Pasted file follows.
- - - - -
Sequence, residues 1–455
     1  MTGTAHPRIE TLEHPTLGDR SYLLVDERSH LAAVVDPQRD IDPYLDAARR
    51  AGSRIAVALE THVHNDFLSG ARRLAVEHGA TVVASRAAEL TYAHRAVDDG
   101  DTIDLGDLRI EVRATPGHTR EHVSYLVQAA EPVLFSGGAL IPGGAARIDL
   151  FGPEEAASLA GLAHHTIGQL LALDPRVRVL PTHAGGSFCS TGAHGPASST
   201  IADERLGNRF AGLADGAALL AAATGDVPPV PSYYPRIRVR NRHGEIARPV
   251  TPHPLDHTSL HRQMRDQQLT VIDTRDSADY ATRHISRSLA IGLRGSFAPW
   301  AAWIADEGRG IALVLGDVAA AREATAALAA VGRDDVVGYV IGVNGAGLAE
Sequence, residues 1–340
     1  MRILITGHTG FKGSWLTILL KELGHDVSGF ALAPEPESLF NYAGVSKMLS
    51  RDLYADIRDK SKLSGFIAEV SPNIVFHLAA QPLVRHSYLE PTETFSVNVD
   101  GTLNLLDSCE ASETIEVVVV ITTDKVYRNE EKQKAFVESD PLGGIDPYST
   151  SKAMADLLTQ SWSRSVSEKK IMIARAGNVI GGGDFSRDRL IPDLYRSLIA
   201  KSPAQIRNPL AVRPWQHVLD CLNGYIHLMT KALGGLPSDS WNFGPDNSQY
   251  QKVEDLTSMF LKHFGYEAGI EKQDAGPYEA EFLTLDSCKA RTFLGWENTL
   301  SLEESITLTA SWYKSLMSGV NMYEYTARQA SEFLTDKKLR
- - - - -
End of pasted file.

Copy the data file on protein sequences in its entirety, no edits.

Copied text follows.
Sequence, residues 1–455
     1  MTGTAHPRIE TLEHPTLGDR SYLLVDERSH LAAVVDPQRD IDPYLDAARR
    51  AGSRIAVALE THVHNDFLSG ARRLAVEHGA TVVASRAAEL TYAHRAVDDG
   101  DTIDLGDLRI EVRATPGHTR EHVSYLVQAA EPVLFSGGAL IPGGAARIDL
   151  FGPEEAASLA GLAHHTIGQL LALDPRVRVL PTHAGGSFCS TGAHGPASST
   201  IADERLGNRF AGLADGAALL AAATGDVPPV PSYYPRIRVR NRHGEIARPV
   251  TPHPLDHTSL HRQMRDQQLT VIDTRDSADY ATRHISRSLA IGLRGSFAPW
   301  AAWIADEGRG IALVLGDVAA AREATAALAA VGRDDVVGYV IGVNGAGLAE
Sequence, residues 1–340
     1  MRILITGHTG FKGSWLTILL KELGHDVSGF ALAPEPESLF NYAGVSKMLS
    51  RDLYADIRDK SKLSGFIAEV SPNIVFHLAA QPLVRHSYLE PTETFSVNVD
   101  GTLNLLDSCE ASETIEVVVV ITTDKVYRNE EKQKAFVESD PLGGIDPYST
   151  SKAMADLLTQ SWSRSVSEKK IMIARAGNVI GGGDFSRDRL IPDLYRSLIA
   201  KSPAQIRNPL AVRPWQHVLD CLNGYIHLMT KALGGLPSDS WNFGPDNSQY
   251  QKVEDLTSMF LKHFGYEAGI EKQDAGPYEA EFLTLDSCKA RTFLGWENTL
   301  SLEESITLTA SWYKSLMSGV NMYEYTARQA SEFLTDKKLR